Note: Greetings are very important in most if not all Ugandan languages. They are often used to start-up conversations. See below for some short conversations;
... But before we set off, you will notice that I have kept the translations as close as possible to the literal meaning to give you an insight of the actual sensitivity and feeling attached to the phrase.
Morning greetings; (Formal)
A: Wasuze otya eyo sebo/nyabo? - How did you spend the night Sir/Madam?
B: Bulungi sebo/nyabo, wasuze otya eyo? - Well sir/madam, how did you spend the night?
A: Bulungi. - Well
Key words: Sebo - Sir , Nyabo - Madam
Afternoon and Evenning greetings; (Formal)
A: Osiibye otya eyo sebo/nyabo? - How have you spent the day sir/madam?
B: Bulungi, osiibye otya eyo sebo/nyabo? - Well, how have you spent the day?
A: Bulungi - Well
Greetings Cont'd; (Informal)
Beth: Kodh'eyo muna? - Perhaps there mate?
Robert: Baliyo, kodh'eyo? - They are there (implying all is/are well/fine), perhaps there?
Beth: Baliyo balungi - They are there well. (implying all are/is well).
Here is more informal greetings you could use;
A: Oli otya eyo? - How are you?
B: Bulungi - Well
A: Okoba ki muna? - What do you have to say mate?
B: Wazira - Nothing (much)
Note; As a common practice with majority of Ugandan languages, it's always good to start with a greeting especially if you are meeting someone for the first time. It's a sign of respect and politeness.
Robert: Niinze Robert, ate iwe, niiwe ani? - I am Robert, what about you, who are you?
Beth: Niinze Beth. - I am Beth.
Robert: Nva Uganda, ate iwe, ova wa? - I come from Uganda, what about you, where do you come from?
Beth: Inva Canada - I am from Canada.
Robert: Oba wa mu Canada? - - Where do you live in Canada?
Beth: Imba Alberta mu Canada. - - I live in Alberta in Canada.
Robert: Ndi Musomesa, iwe okola mulimu ki? - - I am a teacher, what job do you do?
Beth: Ndi Musawo. - - I am a doctor (could imply nurse, midwife, medical worker etc...)
Weraba - Goodbye.
Sula bulungi - - Spend the night well. (used as 'have a goodnight')
Baa bulungi - Stay well
Siiba bulungi - - Spend the day well. (used as 'have a good day')
Tunabonagana idho - - We will see each other tomorrow. (used as 'see you later')
Webale ino - Thank you very much. (also see; webale sebo/nyabo - thank you sir/madam)
Nsangayire okuboona - I am happy/glad to see you. (Often used as the welcome phrase)
Webale kufumba or Ofumbye ino - thanks for cooking or You cooked well. (as an appreciation after a meal)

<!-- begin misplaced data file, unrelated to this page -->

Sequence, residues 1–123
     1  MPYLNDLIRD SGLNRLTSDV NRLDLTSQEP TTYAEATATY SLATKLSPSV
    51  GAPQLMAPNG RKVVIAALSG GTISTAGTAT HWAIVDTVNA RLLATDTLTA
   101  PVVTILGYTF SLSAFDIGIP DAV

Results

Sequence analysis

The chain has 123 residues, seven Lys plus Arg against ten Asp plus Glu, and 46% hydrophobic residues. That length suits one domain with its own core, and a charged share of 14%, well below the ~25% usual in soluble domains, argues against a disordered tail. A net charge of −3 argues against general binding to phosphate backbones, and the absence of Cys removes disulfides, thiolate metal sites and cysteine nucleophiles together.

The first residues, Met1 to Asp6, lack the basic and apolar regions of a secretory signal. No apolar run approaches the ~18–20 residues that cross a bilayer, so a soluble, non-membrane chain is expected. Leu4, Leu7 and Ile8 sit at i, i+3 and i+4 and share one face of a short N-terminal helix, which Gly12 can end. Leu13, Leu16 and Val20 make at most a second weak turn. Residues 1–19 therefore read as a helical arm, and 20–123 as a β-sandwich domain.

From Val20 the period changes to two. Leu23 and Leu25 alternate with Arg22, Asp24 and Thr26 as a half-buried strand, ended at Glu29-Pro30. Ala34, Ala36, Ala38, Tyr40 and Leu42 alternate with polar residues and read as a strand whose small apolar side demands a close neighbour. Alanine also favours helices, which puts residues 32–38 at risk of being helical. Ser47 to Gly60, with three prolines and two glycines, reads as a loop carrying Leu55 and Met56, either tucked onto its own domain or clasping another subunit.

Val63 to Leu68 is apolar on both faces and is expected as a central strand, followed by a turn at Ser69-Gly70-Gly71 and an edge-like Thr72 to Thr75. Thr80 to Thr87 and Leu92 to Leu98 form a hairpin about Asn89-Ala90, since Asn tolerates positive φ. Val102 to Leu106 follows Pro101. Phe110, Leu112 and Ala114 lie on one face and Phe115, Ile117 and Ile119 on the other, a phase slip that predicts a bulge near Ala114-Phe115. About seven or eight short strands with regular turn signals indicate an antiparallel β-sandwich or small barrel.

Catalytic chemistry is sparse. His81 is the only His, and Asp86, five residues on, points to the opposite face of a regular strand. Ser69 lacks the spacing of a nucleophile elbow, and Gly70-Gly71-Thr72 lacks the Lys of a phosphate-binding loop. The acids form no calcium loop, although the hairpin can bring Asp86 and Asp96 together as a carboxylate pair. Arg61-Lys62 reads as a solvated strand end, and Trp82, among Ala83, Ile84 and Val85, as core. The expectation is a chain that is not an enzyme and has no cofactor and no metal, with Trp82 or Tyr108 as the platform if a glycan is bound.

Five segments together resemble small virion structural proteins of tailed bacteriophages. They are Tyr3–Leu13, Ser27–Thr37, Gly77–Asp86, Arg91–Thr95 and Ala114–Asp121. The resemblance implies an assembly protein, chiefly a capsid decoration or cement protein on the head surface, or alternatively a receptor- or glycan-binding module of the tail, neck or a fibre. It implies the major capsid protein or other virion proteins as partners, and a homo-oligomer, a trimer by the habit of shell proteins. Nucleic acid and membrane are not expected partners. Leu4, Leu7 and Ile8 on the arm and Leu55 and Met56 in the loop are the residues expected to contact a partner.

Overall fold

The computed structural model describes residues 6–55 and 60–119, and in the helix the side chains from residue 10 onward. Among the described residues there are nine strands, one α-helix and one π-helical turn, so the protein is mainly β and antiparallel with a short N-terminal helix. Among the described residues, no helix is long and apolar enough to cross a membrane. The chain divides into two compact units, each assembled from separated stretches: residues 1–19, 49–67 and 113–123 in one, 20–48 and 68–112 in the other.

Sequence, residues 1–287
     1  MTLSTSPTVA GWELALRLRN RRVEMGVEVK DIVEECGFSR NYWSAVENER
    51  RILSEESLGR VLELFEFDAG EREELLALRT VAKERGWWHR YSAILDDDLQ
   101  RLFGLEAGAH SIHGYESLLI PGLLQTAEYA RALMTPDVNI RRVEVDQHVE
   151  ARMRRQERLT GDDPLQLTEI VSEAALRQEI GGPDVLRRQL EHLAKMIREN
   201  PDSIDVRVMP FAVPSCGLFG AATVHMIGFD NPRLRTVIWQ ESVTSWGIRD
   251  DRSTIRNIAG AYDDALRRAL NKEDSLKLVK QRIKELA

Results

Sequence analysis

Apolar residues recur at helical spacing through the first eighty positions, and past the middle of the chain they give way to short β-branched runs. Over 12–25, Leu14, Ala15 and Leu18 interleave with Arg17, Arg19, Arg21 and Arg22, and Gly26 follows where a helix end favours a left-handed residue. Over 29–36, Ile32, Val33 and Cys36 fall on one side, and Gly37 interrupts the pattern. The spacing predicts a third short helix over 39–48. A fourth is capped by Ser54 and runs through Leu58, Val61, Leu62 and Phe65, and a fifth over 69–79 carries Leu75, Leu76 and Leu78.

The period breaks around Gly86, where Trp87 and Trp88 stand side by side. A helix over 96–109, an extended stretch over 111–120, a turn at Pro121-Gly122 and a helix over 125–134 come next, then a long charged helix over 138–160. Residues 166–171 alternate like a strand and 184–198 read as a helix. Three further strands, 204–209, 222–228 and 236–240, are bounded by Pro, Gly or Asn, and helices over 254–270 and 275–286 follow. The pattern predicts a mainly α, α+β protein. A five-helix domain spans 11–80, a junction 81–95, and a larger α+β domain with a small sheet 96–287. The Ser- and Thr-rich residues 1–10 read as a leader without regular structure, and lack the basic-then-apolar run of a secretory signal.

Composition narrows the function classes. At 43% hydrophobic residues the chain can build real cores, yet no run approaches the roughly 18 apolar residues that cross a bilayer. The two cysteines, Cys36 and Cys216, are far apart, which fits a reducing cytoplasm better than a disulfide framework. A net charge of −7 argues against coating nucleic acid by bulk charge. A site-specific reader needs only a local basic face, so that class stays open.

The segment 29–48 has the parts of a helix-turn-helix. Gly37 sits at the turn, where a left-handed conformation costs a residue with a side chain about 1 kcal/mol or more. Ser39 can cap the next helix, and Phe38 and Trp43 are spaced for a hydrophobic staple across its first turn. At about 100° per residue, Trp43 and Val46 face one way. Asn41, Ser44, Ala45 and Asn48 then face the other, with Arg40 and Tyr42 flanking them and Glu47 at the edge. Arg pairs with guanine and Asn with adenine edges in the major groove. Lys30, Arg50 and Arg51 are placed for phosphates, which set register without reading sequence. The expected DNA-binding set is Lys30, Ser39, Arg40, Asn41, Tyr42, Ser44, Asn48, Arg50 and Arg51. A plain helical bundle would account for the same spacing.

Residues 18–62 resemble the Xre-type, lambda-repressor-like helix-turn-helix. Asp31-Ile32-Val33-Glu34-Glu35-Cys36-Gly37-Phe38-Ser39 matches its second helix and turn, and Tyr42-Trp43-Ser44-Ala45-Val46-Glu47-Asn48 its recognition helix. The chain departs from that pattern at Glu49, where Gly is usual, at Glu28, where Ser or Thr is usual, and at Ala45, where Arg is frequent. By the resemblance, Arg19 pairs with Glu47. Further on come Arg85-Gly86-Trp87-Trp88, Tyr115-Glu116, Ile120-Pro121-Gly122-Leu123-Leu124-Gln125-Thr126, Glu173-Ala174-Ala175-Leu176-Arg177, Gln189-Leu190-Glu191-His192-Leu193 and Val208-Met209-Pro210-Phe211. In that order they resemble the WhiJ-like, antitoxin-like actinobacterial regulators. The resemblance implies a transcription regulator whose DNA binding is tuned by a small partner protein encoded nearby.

Tyenda Kaawa - I don't want coffee.
Ate iwe? - How about you?
Iramu - Repeat
I'mpola / i'mpola mpola - slowly / quite slowly..
Ja mpola - go slowly.
Iramu i'mpola - repeat slowly.
Nziira sente.- I have no money.
Yii / Mbe - Yes / No
Tiidi - I don't know
Titegeire - I have not understood.
Otegeeza ki? - what do you mean?
Lusoga does not have a particular word for 'sorry'; but depending on the situation, there are different ways to apologize and show sympathy or even empathy.
Ngo'boine - I am sorry for what has happened to you.
Nga kitalo. - What a tragedy / What a horrible thing. (only used during bereavement to express your condolence)
Nsoniwa - Forgive me
Tofaayo - don't mind
Barclays Banka eba wa?- Where is Barclays Bank?
Eba ku Kampala Road. - It's on Kampala road
Barclays banka eba kumpi ne Nandos - Barclays bank is near/next to Nandos.
Tooyi eba wa? - Where is the toilet?
John ali wa? - Where is John?
Tiidi - I don't know
Lindakuu - Please wait
Ikono / Ddyo - Left / Right
Olina mmere ki? - what food do you have?
Mpaaku 'menu' sebo/nyabo - Give me the menu sir/madam
Nendha matooke na mamba- I want matooke (plantain) and beef.
Olina biya? - Do you have beer?
Nendha biya - I want beer
Nendha maadhi. - I want water
Mpaaku sooda - Give me soda
Mpaaku egilaasi ya maadhi. - Give me a glass of water
Sente imeka? - How much money?
Mpaaku biilu yange. - Give me my bill.
Webale era weraba. - Thank you and goodbye.
That's it! - go out confidently with an open mind and explore - You could quite easily continue learning Lusoga to build on these phrases - if you wish too. It's that simple! Best way is to talk to the locals.
Webale inno! (thank you very much!)
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